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Bone spurs, also called osteophytes, are outgrowths of bone that develop along the edges of bones, often where two or more bones meet. They can form in the back, hip, sole or heel of the foot, spine, neck, shoulder, or knee.
Most bone spurs are caused by tissue damage brought on by osteoarthritis. Many are silent, meaning they cause no symptoms and only detected by an x-ray or other test for another condition. Others cause problems and require treatment.
If a spur breaks off from the bone, it can linger in the joint or get stuck in the lining of the joint. Such wandering bone spurs are called loose bodies. A loose body can make it feel like you can't move a joint. This "locking" can come and go.
Symptoms of bone spurs
Symptoms vary depending on where the spur is located:
- heel. Pain when standing, walking, jogging, or running. Some people describe the pain as feeling like pins sticking into the bottom of their feet.
- knee. Pain when extending or bend the leg.
- hip. Pain when moving the hip, and a reduction in the hip's range of motion.
- spine. Weakness or numbness in the arms or legs caused by the bone spur pinching the spinal cord or its nerve roots.
- shoulder. Limited movement of the shoulder; swelling or tears in the rotator cuff.
- finger. Pain when moving the finger; the finger joint may look enlarged and knobby.
Diagnosing bone spurs
Your description of your symptoms and medical history are an important part of diagnosing bone spurs. Your doctor may feel the joint and the tissue around it. Some bone spurs can be felt, others cannot.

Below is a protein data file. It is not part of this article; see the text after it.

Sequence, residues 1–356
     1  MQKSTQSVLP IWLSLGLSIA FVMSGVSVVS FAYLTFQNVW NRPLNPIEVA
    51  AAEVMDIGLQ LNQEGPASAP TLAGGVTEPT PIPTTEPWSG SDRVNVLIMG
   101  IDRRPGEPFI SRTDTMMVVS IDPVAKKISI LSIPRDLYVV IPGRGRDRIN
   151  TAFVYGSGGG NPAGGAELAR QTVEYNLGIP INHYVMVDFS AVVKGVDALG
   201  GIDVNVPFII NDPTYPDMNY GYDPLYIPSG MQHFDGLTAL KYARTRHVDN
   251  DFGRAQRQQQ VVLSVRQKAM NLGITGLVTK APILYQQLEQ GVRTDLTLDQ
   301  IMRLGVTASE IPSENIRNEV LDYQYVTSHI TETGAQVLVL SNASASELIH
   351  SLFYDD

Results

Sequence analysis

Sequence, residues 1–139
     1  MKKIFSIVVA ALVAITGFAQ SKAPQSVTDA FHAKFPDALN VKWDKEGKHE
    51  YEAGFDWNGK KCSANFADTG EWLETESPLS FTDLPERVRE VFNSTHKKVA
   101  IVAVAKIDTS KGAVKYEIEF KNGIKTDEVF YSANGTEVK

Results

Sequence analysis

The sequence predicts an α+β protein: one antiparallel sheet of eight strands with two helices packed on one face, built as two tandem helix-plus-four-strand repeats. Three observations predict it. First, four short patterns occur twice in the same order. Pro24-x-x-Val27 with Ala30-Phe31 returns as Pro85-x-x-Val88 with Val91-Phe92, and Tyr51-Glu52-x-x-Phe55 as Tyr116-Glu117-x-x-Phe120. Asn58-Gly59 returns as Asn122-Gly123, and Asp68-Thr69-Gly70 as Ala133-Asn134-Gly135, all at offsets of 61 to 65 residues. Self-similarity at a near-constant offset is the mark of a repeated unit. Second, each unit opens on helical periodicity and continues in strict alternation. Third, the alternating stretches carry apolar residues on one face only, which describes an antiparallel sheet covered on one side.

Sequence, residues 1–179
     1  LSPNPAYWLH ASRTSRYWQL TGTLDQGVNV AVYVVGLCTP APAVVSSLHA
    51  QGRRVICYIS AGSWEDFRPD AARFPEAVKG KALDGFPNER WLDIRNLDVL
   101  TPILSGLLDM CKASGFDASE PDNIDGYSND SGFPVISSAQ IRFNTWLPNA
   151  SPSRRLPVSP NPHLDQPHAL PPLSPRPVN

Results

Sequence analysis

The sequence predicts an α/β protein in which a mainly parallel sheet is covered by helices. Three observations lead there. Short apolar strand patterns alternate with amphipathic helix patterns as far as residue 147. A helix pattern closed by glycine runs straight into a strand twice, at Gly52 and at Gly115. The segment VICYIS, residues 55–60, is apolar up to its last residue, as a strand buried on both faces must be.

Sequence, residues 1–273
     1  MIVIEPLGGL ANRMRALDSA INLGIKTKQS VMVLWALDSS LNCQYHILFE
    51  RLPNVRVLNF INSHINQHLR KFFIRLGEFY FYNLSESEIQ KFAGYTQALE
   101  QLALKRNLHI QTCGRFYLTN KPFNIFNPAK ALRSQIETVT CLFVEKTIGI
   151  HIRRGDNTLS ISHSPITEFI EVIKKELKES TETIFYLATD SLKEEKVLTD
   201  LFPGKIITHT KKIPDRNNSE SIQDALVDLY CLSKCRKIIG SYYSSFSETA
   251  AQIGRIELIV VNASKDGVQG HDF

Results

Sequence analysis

An x-ray or other imaging test of the affected bones and joints can show a bone spur and make a definitive diagnosis
Treating bone spurs
There are several ways to treat bones spurs. The treatment that's right for you depends on how severe your symptoms are. Most experts recommend starting with conservative treatment and moving on to more aggressive therapies if needed.
Resting the injured joint can help ease pain and inflammation.
For pain control, start with an over-the-counter pain reliever such as ibuprofen (Advil, Motrin, others) or naproxen (Aleve, others). These medications also ease inflammation, which can also be helpful.
Physical therapy can improve flexibility and strength.
If the joint is swollen and painful, a corticosteroid injection into the joint may ease pain and reduce swelling. The effects of these injections wear off, and they may need to be repeated.
If these efforts don't work, surgery may be needed to remove the bone spur.
As a service to our readers, Harvard Health Publishing provides access to our library of archived content. Please note the date of last review or update on all articles.
No content on this site, regardless of date, should ever be used as a substitute for direct medical advice from your doctor or other qualified clinician.
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